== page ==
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7 results for Ripley, Richard M
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Record #:
21197
Author(s):
Abstract:
Ripley recounts the organization, training, battles, and demobilization of the 30th Infantry Division in World War I. Components of the Division were drawn from National Guard units, and half of the Division came from North Carolina, South Carolina, and Tennessee. Some units, including the 1st, 2nd, and 3rd NC Infantry Regiments, had just returned home from Federal service on the Mexican Border during 1916-1917. When it came time to choose a nickname for the Division, the Southern soldiers suggested President Andrew Jackson's, and the Division officially was known as the \"Old Hickory Division.\"
Source:
Recall (NoCar F 252 .R43), Vol. 3 Issue 1, May 1997, p8-12, il, map
Record #:
21195
Author(s):
Abstract:
Rufus Geddie Herring of Roseboro in Sampson County is North Carolina's only Navy Medal of Honor recipient in World War II. He received the medal for action during the pre-invasion of Iwo Jima. Ripley's article describes the action and also includes Herring's Medal of Honor Citation, which was signed by President Truman.
Source:
Recall (NoCar F 252 .R43), Vol. 2 Issue 1, Apr 1996, p1-3, por
Record #:
21213
Author(s):
Abstract:
Brockman was born in Greensboro in December, 1895, and at age 101, he is one of the few living North Carolinians who served in the war. He joined an ambulance company being organized by the Greensboro Chapter of the American Red Cross, and it was sworn into the Army in June 1917. The company, now called Ambulance Company No. 321, joined the 81st \"Wildcat\" Division, which included many North Carolinians. Brockman arrived in France on August 24, 1918, and the last battle the company took part in was the Meuse-Argonne Offensive. After the war, he settled in Greensboro where he worked with an office supply store.
Source:
Recall (NoCar F 252 .R43), Vol. 3 Issue 1, May 1997, p14, por
Record #:
21215
Author(s):
Abstract:
British forces made two attempts to control North and South Carolina during the first two years of the American Revolution. Both failed. From 1775 to 1778, the northern colonies bore the brunt of most of the major fighting. With fighting in the north stalemated late in 1778, British commanders again looked southward. Ripley recounts the fighting in the South up to 1781, much of which was a bitter, violent civil war between Tories and American militia, with little participation by British soldiers.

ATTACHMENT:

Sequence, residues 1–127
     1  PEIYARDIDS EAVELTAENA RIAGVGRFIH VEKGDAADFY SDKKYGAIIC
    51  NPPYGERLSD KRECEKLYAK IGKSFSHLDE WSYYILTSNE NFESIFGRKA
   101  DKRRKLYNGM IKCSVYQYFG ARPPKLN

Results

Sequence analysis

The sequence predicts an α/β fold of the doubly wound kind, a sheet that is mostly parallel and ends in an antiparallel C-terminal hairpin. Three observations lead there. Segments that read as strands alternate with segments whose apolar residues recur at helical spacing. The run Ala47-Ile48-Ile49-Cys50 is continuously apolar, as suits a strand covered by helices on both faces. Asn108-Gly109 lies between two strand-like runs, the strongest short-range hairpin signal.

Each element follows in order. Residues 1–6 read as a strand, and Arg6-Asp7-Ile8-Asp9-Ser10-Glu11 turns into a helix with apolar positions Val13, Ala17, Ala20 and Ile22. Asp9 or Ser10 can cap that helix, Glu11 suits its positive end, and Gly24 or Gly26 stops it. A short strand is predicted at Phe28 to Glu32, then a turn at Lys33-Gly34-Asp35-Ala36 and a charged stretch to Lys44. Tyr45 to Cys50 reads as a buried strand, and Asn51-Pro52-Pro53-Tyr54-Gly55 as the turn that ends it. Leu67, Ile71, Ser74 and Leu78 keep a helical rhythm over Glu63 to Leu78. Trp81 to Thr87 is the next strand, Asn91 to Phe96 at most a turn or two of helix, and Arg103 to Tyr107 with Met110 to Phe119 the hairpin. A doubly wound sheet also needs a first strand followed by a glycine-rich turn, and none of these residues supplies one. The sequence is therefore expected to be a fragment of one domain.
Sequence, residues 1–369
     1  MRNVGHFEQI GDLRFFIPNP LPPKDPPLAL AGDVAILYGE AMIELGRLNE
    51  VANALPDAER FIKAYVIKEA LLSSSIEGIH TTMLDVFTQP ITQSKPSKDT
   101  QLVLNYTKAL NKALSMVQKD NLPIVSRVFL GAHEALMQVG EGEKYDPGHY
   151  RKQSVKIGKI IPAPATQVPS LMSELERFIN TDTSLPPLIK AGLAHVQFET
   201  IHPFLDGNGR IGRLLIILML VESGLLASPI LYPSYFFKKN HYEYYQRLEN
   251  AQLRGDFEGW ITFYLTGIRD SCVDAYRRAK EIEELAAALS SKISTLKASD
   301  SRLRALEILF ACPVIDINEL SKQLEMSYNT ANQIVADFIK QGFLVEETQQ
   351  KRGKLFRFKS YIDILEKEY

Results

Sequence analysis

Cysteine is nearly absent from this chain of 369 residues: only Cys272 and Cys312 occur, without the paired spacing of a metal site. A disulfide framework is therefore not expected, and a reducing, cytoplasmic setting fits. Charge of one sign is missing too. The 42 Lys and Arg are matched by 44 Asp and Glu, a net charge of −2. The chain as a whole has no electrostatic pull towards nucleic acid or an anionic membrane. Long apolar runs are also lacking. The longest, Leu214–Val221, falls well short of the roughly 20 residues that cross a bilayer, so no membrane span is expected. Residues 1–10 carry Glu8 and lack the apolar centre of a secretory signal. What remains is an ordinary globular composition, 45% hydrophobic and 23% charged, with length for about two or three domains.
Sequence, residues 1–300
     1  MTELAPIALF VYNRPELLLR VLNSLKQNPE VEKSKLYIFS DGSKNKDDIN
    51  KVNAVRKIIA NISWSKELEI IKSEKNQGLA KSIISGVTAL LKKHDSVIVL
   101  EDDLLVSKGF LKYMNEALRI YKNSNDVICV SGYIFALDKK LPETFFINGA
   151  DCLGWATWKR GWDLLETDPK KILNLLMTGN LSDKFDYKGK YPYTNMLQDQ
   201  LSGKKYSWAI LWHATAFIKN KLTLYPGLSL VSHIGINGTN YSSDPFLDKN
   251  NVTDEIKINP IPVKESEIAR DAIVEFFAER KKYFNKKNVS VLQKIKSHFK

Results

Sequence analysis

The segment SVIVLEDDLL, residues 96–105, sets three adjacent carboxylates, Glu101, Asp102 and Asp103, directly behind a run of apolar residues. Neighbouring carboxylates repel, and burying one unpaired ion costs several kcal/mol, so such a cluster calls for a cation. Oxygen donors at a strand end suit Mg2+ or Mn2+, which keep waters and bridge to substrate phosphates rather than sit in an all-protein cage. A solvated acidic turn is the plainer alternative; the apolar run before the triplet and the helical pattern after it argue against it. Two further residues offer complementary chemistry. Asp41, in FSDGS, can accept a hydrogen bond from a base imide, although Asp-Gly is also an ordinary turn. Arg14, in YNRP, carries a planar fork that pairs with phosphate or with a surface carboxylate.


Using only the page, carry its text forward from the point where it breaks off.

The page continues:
Source:
Recall (NoCar F 252 .R43), Vol. 3 Issue 2, Oct 1997, p1-5, por, map
Record #:
21338
Author(s):
Abstract:
Ripley recounts the reasons for and the results of the violent and rebellious attempt by Native Americans living in Eastern North Carolina in 1711 to regain their independence. The war began with a general massacre of white settlers in Bath County on September 21, 1711, and ended with the four day battle at Fort Neoheroka, March 20-23, 1713. Over 600 whites and Indians were killed there. This period is known as the Tuscarora War.
Source:
Recall (NoCar F 252 .R43), Vol. 7 Issue 2, Fall 2001, p14-20, il, map
Record #:
21196
Abstract:
Sergeant William McBryar was born in Elizabethtown in Bladen County in 1861, and at age 25, enlisted in the 10th U.S. Cavalry. He was a sergeant in Company K. For actions against the Apache Indians on March 7, 1890 at Salt River, Arizona, he was nominated for and received the Medal of Honor. He was later promoted to lieutenant and was in the Spanish-American War and Philippine-American War. After he retired, he was a watchman at Arlington Cemetery, a prison guard, and a school teacher at Newton Grove and other places. McBryar died in 1941 and was buried in Arlington National Cemetery.
Source:
Recall (NoCar F 252 .R43), Vol. 2 Issue 2, Oct 1996, p1-2, por
Record #:
29136
Abstract:
World War II’s the Battle of the Bulge, also known as the Ardennes Campaign, is detailed in three sections. The first section covers the stalemate between German and Allied troops in the autumn and early winter of 1944. The second section covers the background, strategy of the German troops, and the loss of life in Battle of the Bulge from December 16-26, 1944. The final section specifically looks at the 30th Infantry Division’s participation in the battle.
Source:
Recall (NoCar F 252 .R43), Vol. 6 Issue 1, May 2000, p1-3